Afghanistan: Ghani signs security agreement after months of waiting

After almost a year of debate and delay by former Afghan President Hamid Karzai, the Bilateral Security Agreement (BSA) and Status of Force Agreement (SOFA) have been signed as of yesterday, which will allow American and NATO forces to remain in Afghanistan beyond the end of this year, and potentially until 2024, essentially ensuring a longer-term American presence in the region. The deal allows some 9,800 American and 2,000 NATO troops beyond the end of the year, with their stated goal being to train and assist the Afghan National Army and police forces to combat the Taliban, although American Special Operations Forces will remain to conduct counterterrorism operations.

A large Taliban offensive over the fighting season this year has put the Afghan National Army on its heels as increasingly urgent questions over the election and political unity plagued the political scene in Kabul. Both candidates had, however, agreed to immediately sign the BSA if and when they were elected president, and with Ghani’s inauguration on Monday, it appears he wasted no time in signing this agreement. At the ceremony for the signing of the agreement, Ghani reminded Western allies that they had promised $16 billion in economic aid – which will be a much needed infusion as overseas contingencies operations for contractors and US government forces have wound down.

The International Security Assistance Force, or ISAF, will maintain a training center in Kabul and six other bases throughout the country to ensure maximum coverage. It is unclear how much of a role that ISAF forces will be able to have to turn the tide of the latest Taliban advance.

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News Briefs: 

  • The United States has allocated $3.2m to the Tajik government in order to strengthen border security and bolster law enforcement practices within the country. The funds will presumably be used to better train personnel in anti-narcotics techniques and supply Tajik border and law enforcement officials with improved equipment. Officials in Dushanbe have long spoke of increasing the capabilities of local law enforcement, making it likely that a significant portion of the funds will be put towards their training.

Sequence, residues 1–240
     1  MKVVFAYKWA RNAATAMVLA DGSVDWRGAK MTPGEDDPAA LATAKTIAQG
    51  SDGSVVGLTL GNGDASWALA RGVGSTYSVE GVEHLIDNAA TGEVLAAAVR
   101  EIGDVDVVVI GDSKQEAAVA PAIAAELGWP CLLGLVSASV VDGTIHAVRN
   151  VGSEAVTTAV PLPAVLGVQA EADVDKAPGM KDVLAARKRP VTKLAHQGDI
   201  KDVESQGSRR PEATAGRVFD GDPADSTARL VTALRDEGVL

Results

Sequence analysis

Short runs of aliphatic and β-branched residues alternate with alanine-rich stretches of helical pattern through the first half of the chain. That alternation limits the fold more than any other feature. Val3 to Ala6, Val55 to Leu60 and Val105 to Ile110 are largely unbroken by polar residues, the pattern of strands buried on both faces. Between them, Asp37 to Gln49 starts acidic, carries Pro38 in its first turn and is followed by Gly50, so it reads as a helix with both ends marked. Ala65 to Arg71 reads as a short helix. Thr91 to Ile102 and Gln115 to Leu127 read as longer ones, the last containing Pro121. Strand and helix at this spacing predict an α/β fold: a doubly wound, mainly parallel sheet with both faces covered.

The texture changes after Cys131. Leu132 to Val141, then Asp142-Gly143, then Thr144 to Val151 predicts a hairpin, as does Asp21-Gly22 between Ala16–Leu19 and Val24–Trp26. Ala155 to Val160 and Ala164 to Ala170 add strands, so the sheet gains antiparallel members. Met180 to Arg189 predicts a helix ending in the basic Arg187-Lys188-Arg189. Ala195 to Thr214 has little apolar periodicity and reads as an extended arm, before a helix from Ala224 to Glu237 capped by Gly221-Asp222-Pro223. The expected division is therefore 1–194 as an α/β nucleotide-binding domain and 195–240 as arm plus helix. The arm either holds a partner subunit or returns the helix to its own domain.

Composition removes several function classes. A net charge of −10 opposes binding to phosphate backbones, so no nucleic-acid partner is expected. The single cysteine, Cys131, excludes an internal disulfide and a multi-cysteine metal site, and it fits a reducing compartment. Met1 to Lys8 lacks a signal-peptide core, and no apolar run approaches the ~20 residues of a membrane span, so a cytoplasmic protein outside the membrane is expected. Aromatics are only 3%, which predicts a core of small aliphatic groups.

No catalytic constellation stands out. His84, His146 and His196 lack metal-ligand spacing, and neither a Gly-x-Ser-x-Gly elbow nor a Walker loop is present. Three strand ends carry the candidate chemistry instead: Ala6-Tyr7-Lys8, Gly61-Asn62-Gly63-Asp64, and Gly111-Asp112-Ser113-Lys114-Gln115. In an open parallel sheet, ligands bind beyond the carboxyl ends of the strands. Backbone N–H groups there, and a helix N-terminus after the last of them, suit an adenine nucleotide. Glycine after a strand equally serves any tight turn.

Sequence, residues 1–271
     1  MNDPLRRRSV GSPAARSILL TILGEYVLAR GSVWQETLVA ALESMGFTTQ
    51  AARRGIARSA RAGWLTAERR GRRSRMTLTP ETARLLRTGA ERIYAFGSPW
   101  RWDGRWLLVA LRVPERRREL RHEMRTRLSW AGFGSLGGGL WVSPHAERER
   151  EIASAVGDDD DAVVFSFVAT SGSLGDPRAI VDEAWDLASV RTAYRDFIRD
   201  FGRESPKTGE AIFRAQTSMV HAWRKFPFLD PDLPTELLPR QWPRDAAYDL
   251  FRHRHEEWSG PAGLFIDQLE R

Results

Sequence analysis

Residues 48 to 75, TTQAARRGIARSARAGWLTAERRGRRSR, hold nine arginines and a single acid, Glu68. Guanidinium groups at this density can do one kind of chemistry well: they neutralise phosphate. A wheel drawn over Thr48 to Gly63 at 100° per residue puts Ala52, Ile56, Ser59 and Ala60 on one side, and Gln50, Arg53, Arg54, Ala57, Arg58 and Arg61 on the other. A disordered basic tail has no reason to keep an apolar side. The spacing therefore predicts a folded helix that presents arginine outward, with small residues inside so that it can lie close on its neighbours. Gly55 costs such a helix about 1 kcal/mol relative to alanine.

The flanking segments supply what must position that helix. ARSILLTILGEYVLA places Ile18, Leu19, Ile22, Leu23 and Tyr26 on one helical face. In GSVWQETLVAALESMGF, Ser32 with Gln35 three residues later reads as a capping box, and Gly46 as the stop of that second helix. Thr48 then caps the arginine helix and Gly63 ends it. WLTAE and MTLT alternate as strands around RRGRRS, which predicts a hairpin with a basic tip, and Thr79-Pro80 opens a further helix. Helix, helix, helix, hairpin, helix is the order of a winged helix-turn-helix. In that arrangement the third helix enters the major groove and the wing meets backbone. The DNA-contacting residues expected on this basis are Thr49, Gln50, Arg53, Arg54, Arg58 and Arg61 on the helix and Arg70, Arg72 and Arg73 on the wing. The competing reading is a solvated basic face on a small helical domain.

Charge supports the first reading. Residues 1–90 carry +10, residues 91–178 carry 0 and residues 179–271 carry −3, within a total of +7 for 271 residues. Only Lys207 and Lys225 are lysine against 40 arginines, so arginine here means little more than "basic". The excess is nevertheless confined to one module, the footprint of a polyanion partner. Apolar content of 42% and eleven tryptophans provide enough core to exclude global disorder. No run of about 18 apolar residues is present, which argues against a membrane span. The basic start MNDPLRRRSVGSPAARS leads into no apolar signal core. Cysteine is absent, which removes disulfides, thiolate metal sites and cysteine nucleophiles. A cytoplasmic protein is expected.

• Kyrgyz authorities have detained a group of women suspected of being involved in extremist activities in Kyrgyzstan’s southern region of Jalal-Abad. The women were charged with involvement in an illegal Islamic group, Hizb ut-Tahrir, a London-based Sunni organization that “seeks to unite all Muslim countries into an Islamic caliphate.” Seven women, between the ages of 20 to 25, were arrested by Kyrgyz forces during an anti-terror operation in the region.
  • Vladimir Putin lauded the stance adopted by Iranian President Hassan Rouhani with regards to the Caspian Sea, praising them as “constructive.” The Russian president attended the fourth annual Caspian Sea summit, held in Astrakhan, Russia, and left the meeting optimistic about Caspian initiatives agreed upon during the summit.  A joint emergency services force was negotiated and agreed upon, and will likely begin to hold exercises as early as 2016. Putin further stated that an additional meeting between the Iranian and Russian heads of state will likely take place in the near future.
  • In meetings held during the same summit, Iran and Azerbaijan called for stronger bilateral ties, principally in the field of energy, though many other areas were emphasized as well. Heads of state in Tehran and Baku both insisted on greater cooperation by means of the Iran-Azerbaijan Economic Commission, a body designed to increase cooperation in tourism and commerce, as well as the energy and environmental spaces. Iranian President Hassan Rouhani will soon visit Baku, where deals across a broad range of domains are expected to be negotiated and eventually signed.
  • Russian and Kazakh officials came to terms on a new nuclear cooperation agreement. The agreement was reached after officials met in the western Kazakh city of Atyrau in late September, and additional talks were held at the Caspian Sea summit in southeastern Russia. The agreement seems to come at a strategic time for Russia, as it seeks to maintain the trust of Astana following statements made by Putin putting into question Kazakhstan’s ability to carry out a transition of power on its own. The new nuclear deal calls for the construction of a new nuclear power plant in Kurchatov, eastern Kazakhstan.
  • London-based Edgo Enery has secured permits to operate in two stretches of Tajik territory near the Afghan border. Both permits will allow the firm to enter into production-sharing agreements in the Qarordon and Surkhsimo blocks of Tajikistan, the latter of which is home to natural gas deposits, and currently supplies Dushanbe. The agreements grant Edgo Energy and its Russian partner Klarenco a space of seven years to operate within Tajikistan.

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